Reviewed By Slyder
Posted 09/26/04 05:35:18

"Still memorable after all these years"
5 stars (Awesome)

Itís true that the formula of Rocky has already been done many times before, about the disgraced fuck that one-ups himself in order to gain if not fame, at least respect; just check Elia Kazanís masterful On the Waterfront. Still, the reason that Rocky works is because everybody here gave it 100% on the shoe-string budget they have. Sylvester Stallone couldnít ask for a better career debut and he rightfully deserved it when Rocky became one of the biggest hits of 1976, and still stands as one of the most memorable films ever made. What happened afterwards of course is another story.

The plot of course was inspired by the notorious Muhammad Ali vs. Chuck Wepner fight in which Wepner went a full 16 rounds and even once knocking the Greatest down. Hence the following: Chump boxer and local bum Rocky Balboa (Stallone) suddenly gets the chance of a lifetime when out of sheer luck World Heavyweight champion Apollo Creed (Carl Weathers) draws his name out of the box to become his next contender. Balboa sees this as a chance to gain at least the respect of his peers, especially a boxing coach called Mickey (Burgess Meredith) whom would later become his trainer, while at the same time he tries to woo a local shy pet store clerk Adrian (Talia Shire) whom is sister to Rockyís friend Paulie (Burt Young).

The success of everyone here is well-deserved since due to the low budget, everyone gives out their best in the movie. Director John G. Alvidsen (Joe, Save the Tiger, and The Karate Kid) manages to successfully turn his economical shortcomings into artistic strengths as he and cinematographer James Crabe bring out the cold urban landscapes of Philadelphia and its suburbs, which help show the harsh world in which our characters live in. Yet the amazing thing that Crabe and Alvidsen manage to achieve is that despite the brutal and harsh environment, its strangely alluring, comforting, almost intimate. This is important because this atmosphere makes the viewer feel at home with the characters, and their daily processions are so natural, it is as if we were watching a glimpse from our window out towards our very own neighborhood. It's a working class world in which they live in and Rocky lies at the bottom of the pit as the impossible not to like thumb-breaker/amateur boxer. Yet despite his status and the lack of respect from his peers, Rocky's heart shines so brightly it is capable of melting the icy textures that surround his life. One great example of this atmosphere's effectiveness is the ice skating ring scene, in which 300 extras were originally planned but since they couldn't afford it, they only shot with Rocky jogging and Adrian nervously skating around the ring. Yet as they set on their jog/skate, the chemistry between these two shy and introverted souls shines out, converting a potentially boring sequence into one of the most intimate scenes in the movie. It's in this scene when we see how Rocky manages to confirm the discovery of Adrian as his counterpart, and how these two seem destined for each other.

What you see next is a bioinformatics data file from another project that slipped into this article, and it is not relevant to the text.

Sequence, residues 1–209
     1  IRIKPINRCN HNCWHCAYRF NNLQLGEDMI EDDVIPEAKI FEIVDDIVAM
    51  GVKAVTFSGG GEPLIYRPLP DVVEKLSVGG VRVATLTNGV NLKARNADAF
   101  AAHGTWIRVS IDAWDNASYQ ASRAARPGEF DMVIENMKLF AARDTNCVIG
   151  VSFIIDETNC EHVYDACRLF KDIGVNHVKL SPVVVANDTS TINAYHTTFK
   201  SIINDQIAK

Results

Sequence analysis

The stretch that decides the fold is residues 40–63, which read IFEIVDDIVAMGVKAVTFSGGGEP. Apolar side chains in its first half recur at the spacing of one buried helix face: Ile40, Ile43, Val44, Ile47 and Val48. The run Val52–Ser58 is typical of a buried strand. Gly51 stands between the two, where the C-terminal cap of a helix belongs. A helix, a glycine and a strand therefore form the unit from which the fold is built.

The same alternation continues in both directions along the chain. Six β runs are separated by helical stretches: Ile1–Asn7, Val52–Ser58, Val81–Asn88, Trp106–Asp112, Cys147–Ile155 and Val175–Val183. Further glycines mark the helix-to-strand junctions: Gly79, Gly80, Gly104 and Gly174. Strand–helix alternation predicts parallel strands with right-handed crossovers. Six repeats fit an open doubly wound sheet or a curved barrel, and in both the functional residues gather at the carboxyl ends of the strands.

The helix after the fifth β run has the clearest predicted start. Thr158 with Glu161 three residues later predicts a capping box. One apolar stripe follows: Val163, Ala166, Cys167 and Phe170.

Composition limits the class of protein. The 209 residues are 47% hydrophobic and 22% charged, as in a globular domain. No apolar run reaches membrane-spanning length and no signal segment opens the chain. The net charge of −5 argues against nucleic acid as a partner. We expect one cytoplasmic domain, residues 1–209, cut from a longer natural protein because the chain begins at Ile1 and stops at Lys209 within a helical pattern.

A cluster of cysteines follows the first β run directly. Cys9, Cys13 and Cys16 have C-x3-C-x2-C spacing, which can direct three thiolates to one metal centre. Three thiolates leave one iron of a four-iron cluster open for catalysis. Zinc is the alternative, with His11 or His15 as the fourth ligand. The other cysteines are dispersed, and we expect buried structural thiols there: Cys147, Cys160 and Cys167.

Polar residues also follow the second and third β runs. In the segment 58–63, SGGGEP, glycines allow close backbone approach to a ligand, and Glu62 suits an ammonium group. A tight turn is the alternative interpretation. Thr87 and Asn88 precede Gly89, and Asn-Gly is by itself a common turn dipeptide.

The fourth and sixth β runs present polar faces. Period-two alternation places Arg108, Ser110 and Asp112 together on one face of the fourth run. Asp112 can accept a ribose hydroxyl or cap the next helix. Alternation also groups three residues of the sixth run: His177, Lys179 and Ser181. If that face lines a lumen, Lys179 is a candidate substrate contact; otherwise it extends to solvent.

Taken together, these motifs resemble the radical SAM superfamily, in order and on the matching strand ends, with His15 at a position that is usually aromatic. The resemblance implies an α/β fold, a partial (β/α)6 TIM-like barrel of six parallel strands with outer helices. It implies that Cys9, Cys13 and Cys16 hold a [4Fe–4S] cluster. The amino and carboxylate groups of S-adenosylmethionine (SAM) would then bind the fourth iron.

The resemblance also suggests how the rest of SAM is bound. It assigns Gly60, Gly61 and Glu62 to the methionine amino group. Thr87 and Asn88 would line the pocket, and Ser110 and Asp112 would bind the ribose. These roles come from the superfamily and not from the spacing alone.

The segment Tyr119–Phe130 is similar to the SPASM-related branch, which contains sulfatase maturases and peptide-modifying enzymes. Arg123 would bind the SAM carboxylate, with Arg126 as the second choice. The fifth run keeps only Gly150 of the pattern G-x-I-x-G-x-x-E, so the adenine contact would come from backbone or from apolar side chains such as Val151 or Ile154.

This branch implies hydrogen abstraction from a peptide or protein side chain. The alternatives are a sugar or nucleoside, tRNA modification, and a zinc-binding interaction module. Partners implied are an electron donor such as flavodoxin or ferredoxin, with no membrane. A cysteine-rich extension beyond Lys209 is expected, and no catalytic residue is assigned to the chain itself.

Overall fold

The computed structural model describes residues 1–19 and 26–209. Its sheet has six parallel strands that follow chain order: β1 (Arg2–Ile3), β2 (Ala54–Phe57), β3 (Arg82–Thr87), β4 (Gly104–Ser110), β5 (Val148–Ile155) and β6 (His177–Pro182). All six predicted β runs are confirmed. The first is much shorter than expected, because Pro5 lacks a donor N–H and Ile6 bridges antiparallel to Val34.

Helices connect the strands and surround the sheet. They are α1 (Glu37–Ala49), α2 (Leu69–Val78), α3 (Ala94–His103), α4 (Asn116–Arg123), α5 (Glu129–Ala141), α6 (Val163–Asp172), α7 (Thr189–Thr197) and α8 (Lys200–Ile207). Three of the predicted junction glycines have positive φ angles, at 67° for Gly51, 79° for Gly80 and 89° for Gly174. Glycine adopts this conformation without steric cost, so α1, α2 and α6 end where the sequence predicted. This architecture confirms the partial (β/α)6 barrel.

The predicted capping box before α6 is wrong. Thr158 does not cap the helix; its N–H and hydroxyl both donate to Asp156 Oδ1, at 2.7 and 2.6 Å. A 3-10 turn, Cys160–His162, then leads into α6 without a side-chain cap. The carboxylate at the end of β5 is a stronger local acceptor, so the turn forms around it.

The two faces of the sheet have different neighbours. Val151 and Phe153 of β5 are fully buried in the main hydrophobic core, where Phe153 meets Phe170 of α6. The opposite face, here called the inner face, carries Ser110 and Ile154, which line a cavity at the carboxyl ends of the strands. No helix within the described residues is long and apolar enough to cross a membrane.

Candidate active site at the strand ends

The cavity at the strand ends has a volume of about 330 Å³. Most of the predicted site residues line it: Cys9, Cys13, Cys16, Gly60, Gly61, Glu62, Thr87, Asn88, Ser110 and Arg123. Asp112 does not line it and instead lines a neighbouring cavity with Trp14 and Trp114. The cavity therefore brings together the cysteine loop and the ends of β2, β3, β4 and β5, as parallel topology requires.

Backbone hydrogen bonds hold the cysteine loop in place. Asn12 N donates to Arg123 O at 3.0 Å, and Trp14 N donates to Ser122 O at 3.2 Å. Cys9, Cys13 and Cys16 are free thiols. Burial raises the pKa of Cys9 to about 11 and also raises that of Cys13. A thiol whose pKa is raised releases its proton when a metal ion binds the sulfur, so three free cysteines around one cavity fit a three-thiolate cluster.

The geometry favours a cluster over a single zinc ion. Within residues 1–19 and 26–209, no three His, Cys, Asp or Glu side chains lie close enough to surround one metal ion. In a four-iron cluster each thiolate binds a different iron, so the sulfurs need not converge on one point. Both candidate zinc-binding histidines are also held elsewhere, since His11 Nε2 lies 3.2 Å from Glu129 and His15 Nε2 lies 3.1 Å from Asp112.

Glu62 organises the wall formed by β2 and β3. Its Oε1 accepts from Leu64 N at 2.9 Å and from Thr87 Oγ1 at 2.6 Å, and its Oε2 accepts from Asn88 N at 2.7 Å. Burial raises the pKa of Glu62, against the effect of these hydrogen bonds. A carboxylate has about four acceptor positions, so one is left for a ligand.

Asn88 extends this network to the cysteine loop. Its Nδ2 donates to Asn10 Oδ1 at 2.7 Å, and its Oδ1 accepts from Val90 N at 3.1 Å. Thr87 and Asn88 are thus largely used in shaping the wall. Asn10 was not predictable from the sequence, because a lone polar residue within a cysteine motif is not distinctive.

The script is unquestionably Stalloneís best (compared to the utter shit he would write later on) even if the fights are gripping yet unrealistic and it leaves a couple of characters and scenes undeveloped such as Paulieís character. And the reason for this is because Stallone developed his two main characters thoroughly; Rocky is a three-dimensional human being, a loser with a conscience and a heart of gold who suddenly is given the break of a lifetime and sees a chance of making his own mark as a boxer. He doesn't seek fame, and humbly accepts that he's a nobody, yet the only thing he wants is to be finally recognized as somebody of value. Adrian is also a banished soul like Rocky's, and you can tell her frustration at the state of her life in her face, and yet despite this she shows deep loyalty to Rocky and to his brother Paulie despite the latter's violent outbursts. Full credit is deserved for Stallone, Alvidsen and Crabe for their outstanding work in this movie.

The second most important thing that drives the movie is the acting: Stallone gives out is honest and most complete performance due to the fact that the limitations of the character mold very well with his personality, and also because he gives it all since this was his make-or-break film; itís pretty much the only time he manages to truly act and only once or twice he would come close to match his performance here. Talia Shire also comes out on her own with her dead-on portrayal as the shy Adrian, and its an amazing performance as she manages to speak volumes with her manners and her looks more than with words. Burt Young is a little less so, but still has moments of brilliance as the violent Paulie. Besides Stallone though, the man of the hour is Burgess Meredith and he nearly walks away with the entire movie with his impressive portrayal of the snarly Mickey.

In the end, this film is a classic, and a fine film to watch with the family since itís one of those feel-good movies that you canít help but watch. Too bad that Stallone lost himself amongst his own movie formulas and brainless action thrillers and became nothing more than a talent-less studio hack. The same goes for Alvidsen, whom only did one good film after this one, and never recovered since. Oh what couldíve beenÖ 5-5

© Copyright HBS Entertainment, Inc.